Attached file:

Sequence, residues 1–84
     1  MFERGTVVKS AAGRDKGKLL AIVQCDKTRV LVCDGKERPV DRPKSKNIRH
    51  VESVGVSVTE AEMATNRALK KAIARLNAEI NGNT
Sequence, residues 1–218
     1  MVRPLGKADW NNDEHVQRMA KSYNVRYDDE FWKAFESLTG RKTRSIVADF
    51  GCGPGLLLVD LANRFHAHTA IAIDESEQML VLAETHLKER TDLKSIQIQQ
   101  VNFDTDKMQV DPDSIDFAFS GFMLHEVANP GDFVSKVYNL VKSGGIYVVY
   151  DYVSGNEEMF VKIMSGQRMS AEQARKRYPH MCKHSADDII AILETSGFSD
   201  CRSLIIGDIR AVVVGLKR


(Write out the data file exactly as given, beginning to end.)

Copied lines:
Sequence, residues 1–84
     1  MFERGTVVKS AAGRDKGKLL AIVQCDKTRV LVCDGKERPV DRPKSKNIRH
    51  VESVGVSVTE AEMATNRALK KAIARLNAEI NGNT
Sequence, residues 1–218
     1  MVRPLGKADW NNDEHVQRMA KSYNVRYDDE FWKAFESLTG RKTRSIVADF
    51  GCGPGLLLVD LANRFHAHTA IAIDESEQML VLAETHLKER TDLKSIQIQQ
   101  VNFDTDKMQV DPDSIDFAFS GFMLHEVANP GDFVSKVYNL VKSGGIYVVY
   151  DYVSGNEEMF VKIMSGQRMS AEQARKRYPH MCKHSADDII AILETSGFSD
   201  CRSLIIGDIR AVVVGLKR